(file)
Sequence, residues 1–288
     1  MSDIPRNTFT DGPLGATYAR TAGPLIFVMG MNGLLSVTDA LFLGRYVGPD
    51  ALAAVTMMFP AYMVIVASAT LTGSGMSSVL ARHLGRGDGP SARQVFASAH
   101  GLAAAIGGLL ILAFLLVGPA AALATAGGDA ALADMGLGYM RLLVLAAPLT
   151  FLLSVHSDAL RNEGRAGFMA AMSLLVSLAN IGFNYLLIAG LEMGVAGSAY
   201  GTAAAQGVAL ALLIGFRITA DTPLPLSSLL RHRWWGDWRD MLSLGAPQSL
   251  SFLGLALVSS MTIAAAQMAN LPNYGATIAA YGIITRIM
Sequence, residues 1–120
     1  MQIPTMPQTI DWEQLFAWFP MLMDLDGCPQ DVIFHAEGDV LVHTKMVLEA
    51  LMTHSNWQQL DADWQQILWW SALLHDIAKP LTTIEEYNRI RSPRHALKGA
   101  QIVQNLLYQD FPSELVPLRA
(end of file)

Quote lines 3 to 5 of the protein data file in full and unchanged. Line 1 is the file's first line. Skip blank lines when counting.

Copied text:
    51  ALAAVTMMFP AYMVIVASAT LTGSGMSSVL ARHLGRGDGP SARQVFASAH
   101  GLAAAIGGLL ILAFLLVGPA AALATAGGDA ALADMGLGYM RLLVLAAPLT
   151  FLLSVHSDAL RNEGRAGFMA AMSLLVSLAN IGFNYLLIAG LEMGVAGSAY